A senior official said on Sunday that the Bank of Israel is investing about 8 billion shekels ($2.1 billion) of its foreign exchange reserves in Canada, Australia and Scandinavian countries.
Israel’s foreign exchange reserves have reached $77.1 billion, mostly after the central bank bought about $50 billion of foreign currency in the past four years.
The central bank invests most of its reserves in money and debt markets in the United States, Europe and Britain.
“When the reserves grew to $75 billion and in light of changes taking place in Europe and the United States, whose economies look less than good, we decided to transfer about 10% of foreign exchange reserves to investment in currencies other than the dollar and euro,” Andrew Abir, head of the Bank of Israel’s market operations, was quoted saying in an interview with the Calcalist financial daily.
He said those destinations included Canada, Australia, Sweden, Norway and Singapore — countries with smaller government debt.
“This adds risk to the foreign exchange portfolio … but we think it’s the right thing to do because it gives a better return,” Abir said.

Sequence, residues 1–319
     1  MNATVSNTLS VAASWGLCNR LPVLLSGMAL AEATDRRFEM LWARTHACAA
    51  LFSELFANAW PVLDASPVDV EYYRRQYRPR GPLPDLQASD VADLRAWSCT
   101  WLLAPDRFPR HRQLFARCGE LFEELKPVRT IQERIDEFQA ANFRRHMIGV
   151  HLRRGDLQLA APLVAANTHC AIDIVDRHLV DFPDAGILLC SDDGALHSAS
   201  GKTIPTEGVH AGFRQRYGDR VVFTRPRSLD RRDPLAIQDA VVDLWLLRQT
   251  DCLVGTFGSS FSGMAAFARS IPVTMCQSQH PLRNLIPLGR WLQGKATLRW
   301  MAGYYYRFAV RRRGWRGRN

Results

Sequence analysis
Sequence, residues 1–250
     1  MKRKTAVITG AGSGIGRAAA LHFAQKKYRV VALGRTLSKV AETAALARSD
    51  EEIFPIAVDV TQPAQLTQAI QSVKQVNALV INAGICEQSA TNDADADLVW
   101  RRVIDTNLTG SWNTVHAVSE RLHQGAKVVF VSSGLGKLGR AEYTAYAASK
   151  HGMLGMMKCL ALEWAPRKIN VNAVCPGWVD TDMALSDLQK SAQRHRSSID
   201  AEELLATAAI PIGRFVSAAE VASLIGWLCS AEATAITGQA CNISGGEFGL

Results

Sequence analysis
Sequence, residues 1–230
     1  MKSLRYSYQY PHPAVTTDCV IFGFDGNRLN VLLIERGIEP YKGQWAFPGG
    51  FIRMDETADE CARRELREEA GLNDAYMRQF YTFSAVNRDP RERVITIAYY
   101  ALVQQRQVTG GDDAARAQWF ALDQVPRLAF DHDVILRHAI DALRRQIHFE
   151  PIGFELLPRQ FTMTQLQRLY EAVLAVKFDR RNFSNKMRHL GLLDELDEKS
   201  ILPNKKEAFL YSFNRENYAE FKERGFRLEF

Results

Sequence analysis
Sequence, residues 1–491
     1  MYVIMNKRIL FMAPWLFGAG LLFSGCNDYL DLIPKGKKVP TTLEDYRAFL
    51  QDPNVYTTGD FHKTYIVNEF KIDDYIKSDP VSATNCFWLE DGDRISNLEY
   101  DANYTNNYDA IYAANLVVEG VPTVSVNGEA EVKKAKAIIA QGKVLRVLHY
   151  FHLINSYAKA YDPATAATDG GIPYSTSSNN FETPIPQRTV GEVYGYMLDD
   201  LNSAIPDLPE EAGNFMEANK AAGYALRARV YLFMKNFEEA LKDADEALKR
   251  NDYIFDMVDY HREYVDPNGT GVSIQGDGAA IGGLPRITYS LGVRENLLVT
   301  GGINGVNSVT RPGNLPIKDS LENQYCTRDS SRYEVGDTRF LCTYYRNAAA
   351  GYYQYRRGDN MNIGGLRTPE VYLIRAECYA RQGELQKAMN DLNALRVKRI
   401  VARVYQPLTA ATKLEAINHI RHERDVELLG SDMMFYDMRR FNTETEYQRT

The Bank of Israel confirmed the information in the Calcalist interview.
In 2008, the central bank started buying daily amounts of forex to try and weaken the shekel and support exports while also building up reserves in case of a crisis.
In 2009, the bank halted buying $100 million of forex a day but still continued to intervene regularly. It last bought forex last July. Since then, the dollar has gained versus the shekel.
Last week, the central bank said it had begun investing about $1.5 billion of its reserves in U.S. equities, linked to indexes. Initially, the bank will invest about 2% in U.S. equities with a plan to eventually raise it to 10%, or nearly $8 billion.